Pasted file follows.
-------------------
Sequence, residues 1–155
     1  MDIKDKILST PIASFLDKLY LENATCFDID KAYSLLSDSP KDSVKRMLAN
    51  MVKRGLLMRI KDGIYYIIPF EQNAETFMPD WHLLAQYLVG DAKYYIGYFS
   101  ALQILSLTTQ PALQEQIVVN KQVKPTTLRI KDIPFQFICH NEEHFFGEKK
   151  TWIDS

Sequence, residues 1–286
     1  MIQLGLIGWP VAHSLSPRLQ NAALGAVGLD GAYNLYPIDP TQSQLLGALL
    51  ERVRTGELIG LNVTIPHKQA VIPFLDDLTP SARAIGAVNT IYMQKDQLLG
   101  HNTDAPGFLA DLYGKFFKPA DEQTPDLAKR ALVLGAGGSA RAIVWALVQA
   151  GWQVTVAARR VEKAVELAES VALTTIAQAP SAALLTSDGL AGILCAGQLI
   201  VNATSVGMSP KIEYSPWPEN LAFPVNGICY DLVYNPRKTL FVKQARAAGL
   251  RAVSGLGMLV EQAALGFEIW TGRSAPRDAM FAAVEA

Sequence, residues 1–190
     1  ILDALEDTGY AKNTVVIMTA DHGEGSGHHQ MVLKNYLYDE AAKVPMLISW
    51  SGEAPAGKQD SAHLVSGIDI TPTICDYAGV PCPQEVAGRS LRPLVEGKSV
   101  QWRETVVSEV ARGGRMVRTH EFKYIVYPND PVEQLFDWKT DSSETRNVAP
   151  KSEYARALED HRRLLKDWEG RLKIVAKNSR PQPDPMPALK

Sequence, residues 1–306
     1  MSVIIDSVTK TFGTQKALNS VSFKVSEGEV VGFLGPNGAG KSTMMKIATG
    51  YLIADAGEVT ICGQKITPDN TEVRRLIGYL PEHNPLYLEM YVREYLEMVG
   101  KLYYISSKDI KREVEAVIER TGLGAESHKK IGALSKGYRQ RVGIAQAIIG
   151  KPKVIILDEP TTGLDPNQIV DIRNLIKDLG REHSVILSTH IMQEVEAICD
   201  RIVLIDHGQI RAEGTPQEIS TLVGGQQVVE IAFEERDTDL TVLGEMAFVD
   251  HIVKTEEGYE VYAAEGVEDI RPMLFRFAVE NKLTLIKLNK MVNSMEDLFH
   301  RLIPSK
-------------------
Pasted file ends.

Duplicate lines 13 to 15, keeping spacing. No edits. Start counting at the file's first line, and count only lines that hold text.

Sequence, residues 1–190
     1  ILDALEDTGY AKNTVVIMTA DHGEGSGHHQ MVLKNYLYDE AAKVPMLISW
    51  SGEAPAGKQD SAHLVSGIDI TPTICDYAGV PCPQEVAGRS LRPLVEGKSV